In your original post you only mention an 8.2 and a 9.3.
If you were on an 8.2 in 20+ knots you may have been simply "overpowered".
Even big guys like yourself can use smaller 6.0-7.0 m2 rigs when the wind gets up over 20 knots.
If you used the 8.2 m2 rig did you add alot more downhaul and a bit more outhaul to depower the sail?
Give Isonic 135 another try in conditions in the 12-18 knot range and I think you'll find it's very fast and pretty easy to keep on the water.
Keeping the board on the water could be partially rig tuning/sizing (too much power) or also partially mast foot positioning (mast foot not trimmed out to a point that holds the board on the water without increasing it's waterline length.
The Carve should be quite good for a fellow your size in about 16-22 knots.
Beyond 22 knots you need a smaller board like the Carve 111 or 101.
But you will need to perfect those waterstarts before going down to an almost "sinker" board.
Keep working on your waterstarts, that's the key to staying comfortable on smaller boards. Once you have the waterstart mastered, and are using smaller rigs, high winds won't give you so many problems.
The Isonic 135 should be a really good "midsize" board for your quiver.
I just had the '07 Isonic 122 out for the first time yesterday with first a 7.8 (not quite enough for the fluky Florida 8-12 knot winds) and then on a 8.5.
Perfect! I was going really well and had just "headed off" on a speed run when I ran onto a slightly submerged oyster bar at 25+ knots.
A major catapault/yard sale for sure....!
Fortunately I only got one small scratch on an arm, but the boom head exploded, the luff sleeve on the brand new 8.5 m2 was kinda "shredded " on the oyster shells, and the fin is going to need alot of work.
So, even with lots of experience, you can have some problems windsurfing as it's always a very "dynamic" sport.
Fortunately I was able to wrap the inhaul line around the mast and secure the boom enough to sail slowly back to shore about a mile and a half.
Hope this helps,

16th January 2007, 07:20 AM
Hi Roger,

I was using a 5.5 Aerotech, majority of the guys where on 4.5 to 5.o sails..... And probably that day the wind was more strong than I can recall and gusts even more stronger.....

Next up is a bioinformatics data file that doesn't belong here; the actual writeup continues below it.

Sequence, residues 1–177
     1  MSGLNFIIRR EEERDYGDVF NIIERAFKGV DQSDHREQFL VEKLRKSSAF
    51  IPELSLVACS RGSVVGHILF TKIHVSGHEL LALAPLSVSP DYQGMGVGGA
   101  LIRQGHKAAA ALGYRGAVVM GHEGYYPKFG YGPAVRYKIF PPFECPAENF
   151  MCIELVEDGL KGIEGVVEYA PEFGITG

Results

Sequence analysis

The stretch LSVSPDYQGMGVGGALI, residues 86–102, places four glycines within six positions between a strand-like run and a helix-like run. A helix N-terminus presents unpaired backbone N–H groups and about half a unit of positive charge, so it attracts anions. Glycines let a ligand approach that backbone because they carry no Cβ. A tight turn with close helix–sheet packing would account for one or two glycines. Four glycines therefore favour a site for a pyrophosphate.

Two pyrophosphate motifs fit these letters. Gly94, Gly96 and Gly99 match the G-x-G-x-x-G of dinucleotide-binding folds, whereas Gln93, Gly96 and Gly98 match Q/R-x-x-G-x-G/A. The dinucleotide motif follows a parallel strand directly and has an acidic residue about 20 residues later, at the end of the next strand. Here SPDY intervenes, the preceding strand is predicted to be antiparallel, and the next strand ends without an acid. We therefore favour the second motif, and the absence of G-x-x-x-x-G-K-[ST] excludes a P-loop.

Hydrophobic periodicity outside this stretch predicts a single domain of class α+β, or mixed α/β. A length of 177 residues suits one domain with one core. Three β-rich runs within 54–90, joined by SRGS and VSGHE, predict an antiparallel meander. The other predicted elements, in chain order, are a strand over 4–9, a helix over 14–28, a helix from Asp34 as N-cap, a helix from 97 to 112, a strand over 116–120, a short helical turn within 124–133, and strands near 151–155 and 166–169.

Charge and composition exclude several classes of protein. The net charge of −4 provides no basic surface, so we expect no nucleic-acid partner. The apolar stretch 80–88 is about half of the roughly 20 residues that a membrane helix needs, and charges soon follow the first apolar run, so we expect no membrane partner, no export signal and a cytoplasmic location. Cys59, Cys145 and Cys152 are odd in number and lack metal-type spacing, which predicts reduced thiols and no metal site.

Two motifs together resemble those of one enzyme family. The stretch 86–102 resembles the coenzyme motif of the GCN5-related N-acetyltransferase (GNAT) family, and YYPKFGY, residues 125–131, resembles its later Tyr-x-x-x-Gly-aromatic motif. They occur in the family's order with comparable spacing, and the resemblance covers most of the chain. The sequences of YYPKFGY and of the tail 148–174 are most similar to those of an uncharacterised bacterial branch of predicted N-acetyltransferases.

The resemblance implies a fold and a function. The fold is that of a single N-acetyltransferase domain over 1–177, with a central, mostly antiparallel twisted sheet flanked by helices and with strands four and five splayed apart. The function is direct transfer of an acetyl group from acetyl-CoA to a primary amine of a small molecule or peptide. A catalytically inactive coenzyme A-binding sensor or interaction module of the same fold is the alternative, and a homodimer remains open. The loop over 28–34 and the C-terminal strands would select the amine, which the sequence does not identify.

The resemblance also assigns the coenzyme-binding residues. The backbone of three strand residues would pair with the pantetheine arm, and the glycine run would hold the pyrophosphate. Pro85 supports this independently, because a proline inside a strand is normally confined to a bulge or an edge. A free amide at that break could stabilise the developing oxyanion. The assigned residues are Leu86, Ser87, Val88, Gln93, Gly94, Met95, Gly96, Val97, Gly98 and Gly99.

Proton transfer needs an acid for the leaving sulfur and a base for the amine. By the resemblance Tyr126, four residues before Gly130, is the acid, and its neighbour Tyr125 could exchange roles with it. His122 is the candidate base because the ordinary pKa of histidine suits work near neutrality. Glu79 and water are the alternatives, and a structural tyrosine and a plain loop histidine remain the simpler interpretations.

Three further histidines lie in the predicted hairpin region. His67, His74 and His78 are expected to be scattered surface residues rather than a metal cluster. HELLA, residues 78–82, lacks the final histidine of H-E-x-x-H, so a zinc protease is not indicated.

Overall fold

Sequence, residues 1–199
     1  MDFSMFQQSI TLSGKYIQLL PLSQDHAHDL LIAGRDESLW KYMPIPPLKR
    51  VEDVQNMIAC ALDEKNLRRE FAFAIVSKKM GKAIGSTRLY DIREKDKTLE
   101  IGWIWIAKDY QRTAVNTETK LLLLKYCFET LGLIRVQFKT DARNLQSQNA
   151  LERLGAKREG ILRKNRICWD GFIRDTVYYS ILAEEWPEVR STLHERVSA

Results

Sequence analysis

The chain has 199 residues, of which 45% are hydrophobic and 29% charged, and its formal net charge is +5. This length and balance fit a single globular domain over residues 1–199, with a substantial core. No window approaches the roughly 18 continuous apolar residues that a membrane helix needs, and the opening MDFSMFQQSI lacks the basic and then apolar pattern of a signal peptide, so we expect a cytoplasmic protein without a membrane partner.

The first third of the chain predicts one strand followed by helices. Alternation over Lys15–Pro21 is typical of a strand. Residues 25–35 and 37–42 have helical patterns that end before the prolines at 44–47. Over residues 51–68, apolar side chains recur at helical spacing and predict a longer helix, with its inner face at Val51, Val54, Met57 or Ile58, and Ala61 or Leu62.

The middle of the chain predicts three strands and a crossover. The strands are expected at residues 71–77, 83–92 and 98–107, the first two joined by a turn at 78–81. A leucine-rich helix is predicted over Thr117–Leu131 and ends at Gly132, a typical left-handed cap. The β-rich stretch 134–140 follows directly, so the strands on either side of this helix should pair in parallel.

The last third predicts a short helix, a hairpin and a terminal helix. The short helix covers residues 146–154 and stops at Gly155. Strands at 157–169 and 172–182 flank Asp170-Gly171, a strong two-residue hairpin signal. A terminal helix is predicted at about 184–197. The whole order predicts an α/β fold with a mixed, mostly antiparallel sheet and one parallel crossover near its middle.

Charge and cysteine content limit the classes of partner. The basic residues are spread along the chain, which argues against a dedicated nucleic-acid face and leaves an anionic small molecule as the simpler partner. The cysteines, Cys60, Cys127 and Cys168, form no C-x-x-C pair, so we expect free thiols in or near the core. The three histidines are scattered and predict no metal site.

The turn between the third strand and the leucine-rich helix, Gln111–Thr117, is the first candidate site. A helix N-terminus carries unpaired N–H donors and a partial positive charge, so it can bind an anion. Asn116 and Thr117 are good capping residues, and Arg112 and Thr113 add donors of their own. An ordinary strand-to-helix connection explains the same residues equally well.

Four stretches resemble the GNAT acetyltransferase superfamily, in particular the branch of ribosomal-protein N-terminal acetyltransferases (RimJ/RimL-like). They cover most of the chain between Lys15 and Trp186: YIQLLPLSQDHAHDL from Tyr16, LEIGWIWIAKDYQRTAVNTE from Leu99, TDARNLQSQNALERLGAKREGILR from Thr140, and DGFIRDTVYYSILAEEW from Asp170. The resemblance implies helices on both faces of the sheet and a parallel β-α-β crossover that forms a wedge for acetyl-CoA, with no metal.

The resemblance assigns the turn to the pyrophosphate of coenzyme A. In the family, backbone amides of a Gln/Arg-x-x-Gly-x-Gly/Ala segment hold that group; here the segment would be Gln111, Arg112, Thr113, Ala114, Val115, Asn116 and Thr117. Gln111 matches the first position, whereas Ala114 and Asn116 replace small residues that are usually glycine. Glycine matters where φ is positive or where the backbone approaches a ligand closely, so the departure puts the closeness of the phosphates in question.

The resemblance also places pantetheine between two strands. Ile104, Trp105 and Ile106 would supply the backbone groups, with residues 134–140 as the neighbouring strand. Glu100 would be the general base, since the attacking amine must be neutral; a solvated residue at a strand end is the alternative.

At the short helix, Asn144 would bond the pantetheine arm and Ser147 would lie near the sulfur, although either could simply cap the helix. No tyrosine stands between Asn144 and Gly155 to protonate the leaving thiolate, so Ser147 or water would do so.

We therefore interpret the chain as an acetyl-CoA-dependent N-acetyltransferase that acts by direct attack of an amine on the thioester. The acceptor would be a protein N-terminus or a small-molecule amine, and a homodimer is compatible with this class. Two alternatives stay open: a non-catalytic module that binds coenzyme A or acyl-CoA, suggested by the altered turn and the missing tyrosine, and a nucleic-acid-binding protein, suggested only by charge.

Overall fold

Wow. what an accident you had !!! Could be pretty serious....
I??ll give a try into the Isonic 135 again. The matter is that I will be able to keep only one of the two boards. Which one do you think will be suitable for me ?

Sails: 5.5 Charge Aerothech; 7.0 Evolution Naish; 8.2 07 redline Naish; 9.3 Nitro2 Gaastra; 11.0 RS3 Neilpryde.

Boards: 160 FE Starboard; 122 06 Carve Starboard.

Testing an Isonic 135 06

17th January 2007, 12:01 PM
OK Vinny,
I think you just had a bit of a "mis-match" between the 5.5 Aerotech Charge
(a nice little sail) and the Isonic 135.
I'm sure you would have had more fun with the 5.5 Charge on your Carve 122.
The conditions sound like they were really more in the 4.5-5.0 m2 range for other sailors on smaller boards.
You could probably use the 5.5 m2 Charge in those same conditions, but on a smaller board like I suspect the others sailors were on.
Yes, the 80 cm wide Isonic 135 is really too wide for those conditions with such a small sail.
In conditions where you would be using your 7.0/8.2 and 9.3, I think you will find the Isonic 133 really performs.
Your FE 160 should work well with the 9.3 and 11.0 race sails.
If you get to use your 5.5 and 7.0 alot, then keep the Carve 122 (or look at a smaller Isonic like the 115).
If you spend more time on the 8.2 and 9.3 then the Isonic 135 would perhaps be the better choice and get a smaller board (100-115 liters) to use for high winds and your smaller sails.
Hope this helps,

17th January 2007, 05:55 PM
thanks Roger !!!

It??s always a great peasure to learn from you experience !!!!

All the best and keep safe !